More than six in 10 Canadians say that the universality of the health-care system is their greatest source of pride in our country. The idea that people should have access irrespective of means has rightly become a Canadian political axiom.
Yet, as the premiers meet this week to discuss the future of Canadian health care and a new accord with the federal government, the reality is that Canada's present system is failing to live up to the principle of universality. Full public coverage is mostly limited to hospital and doctor services and otherwise Canadians are left to pay for uninsured services and treatments -- such as drugs, dental, and out-patient services -- through private insurance or out-of-pocket spending.
Simply put: Canada's current system of public health insurance is a mile deep and an inch wide. Fairer, more sustainable health-care financing should be among the top priorities for the impending health accord discussions.
Canada's health-care financing is called "single payer" because provincial-based public health insurance covers all medically-necessary hospital and physician services and private financing -- in the form of cost-sharing or private insurance -- for these services is largely prohibited under sections 18-21 of the Canada Health Act. Public expenditures in these areas exceed 90 per cent.
This basically means that when a Canadian goes to the hospital or the doctor in any province or territory the costs are covered irrespective of one's income or wealth. But hospital and physician services are only a portion of health-care services and treatments. They only represent 45 per cent of health-care spending according to the latest data from the Canadian Institute for Health Information. Most other health-care costs must be borne by Canadians with limited access to public subsidies or support.
Drugs costs are the prime example. Total spending on drugs reached $33.8 billion or 15.7 per cent of total health-care spending in 2014 -- making it the second largest overall health expenditure after hospital services. Yet public financing only covers about a third and all other drug expenses are financed by private insurance or out-of-pocket spending.
This mix of full public financing for hospital and physician services and mostly private financing for all other services produces a health-care system that's less universal and egalitarian than most might think. By subsidizing hospital and doctor costs for all Canadians we have little public monies left over to help low- and middle-income Canadians pay for uninsured services and treatments.
The result is that less affluent households, unattached individuals, and senior couples spend a disproportionate share of their disposable income on health care. And it's rising. Between 1998 and 2009, out-of-pocket spending increased by 2.9 per cent annually and the share of households spending more than 10 per cent of their after-tax income on health care climbed by nearly 60 per cent.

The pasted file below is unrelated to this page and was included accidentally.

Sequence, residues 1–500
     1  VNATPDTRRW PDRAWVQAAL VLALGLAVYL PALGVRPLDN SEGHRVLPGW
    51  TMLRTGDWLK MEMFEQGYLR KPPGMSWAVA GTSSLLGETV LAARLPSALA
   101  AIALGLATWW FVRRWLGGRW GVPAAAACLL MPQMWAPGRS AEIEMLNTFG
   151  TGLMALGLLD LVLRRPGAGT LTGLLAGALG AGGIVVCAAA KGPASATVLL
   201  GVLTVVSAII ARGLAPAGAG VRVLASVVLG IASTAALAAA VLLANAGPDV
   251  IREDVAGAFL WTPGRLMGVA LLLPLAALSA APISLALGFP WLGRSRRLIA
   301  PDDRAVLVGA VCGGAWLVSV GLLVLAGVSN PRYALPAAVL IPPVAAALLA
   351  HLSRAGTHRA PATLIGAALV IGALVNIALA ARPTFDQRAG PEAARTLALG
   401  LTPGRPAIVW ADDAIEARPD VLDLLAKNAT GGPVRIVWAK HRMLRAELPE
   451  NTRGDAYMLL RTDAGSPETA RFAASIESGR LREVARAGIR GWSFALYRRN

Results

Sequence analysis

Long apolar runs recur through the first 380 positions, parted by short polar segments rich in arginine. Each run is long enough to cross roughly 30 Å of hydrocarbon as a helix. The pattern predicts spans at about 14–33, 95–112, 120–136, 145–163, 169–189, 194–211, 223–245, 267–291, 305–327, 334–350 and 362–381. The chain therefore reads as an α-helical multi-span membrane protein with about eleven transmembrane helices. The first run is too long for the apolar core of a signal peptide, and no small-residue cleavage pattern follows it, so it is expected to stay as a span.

It doesn't have to be this way. Many countries are able to provide universal coverage for a broader range of health-care services than Canada, while minimizing the cost to taxpayers by relying on a different mix of patient cost-sharing and public subsidies for private insurance.
Canadian governments could enact a range of reforms to better leverage private financing to pay for health care, as we set out in a recent study. The goal of such reforms wouldn't be to undermine or replace public insurance but rather to target and expand it for those who need it. Why should a wealthy Canadian receive full public subsidies for a routine doctor visit while struggling families receive little or no support for drug purchases?
Such a policy shift would be consistent with the Trudeau government's recent changes to federal child-care benefits whereby means-testing was used to provide more generous payments for low- and middle-income families. The prime minister has frequently said that child benefits shouldn't go to wealthy families like his own. Ottawa could encourage similar reforms to health-care financing by repealing certain sections in the Canada Health Act to enable the provinces to experiment with different forms of cost-sharing for high-income Canadians.
Allowing a greater role for private financing in Canada's health-care system would permit provincial governments to broaden public coverage for those who actually need support. The result would be a fairer and more universal system without added pressure on government budgets. That's something that Canadians can be proud of.
Sean Speer is a Munk senior fellow at the Macdonald-Laurier Institute and co-author of the recent study, "Toward a more fair Medicare: Why Canadian health care isn't equitable or sustainable and how it can be"
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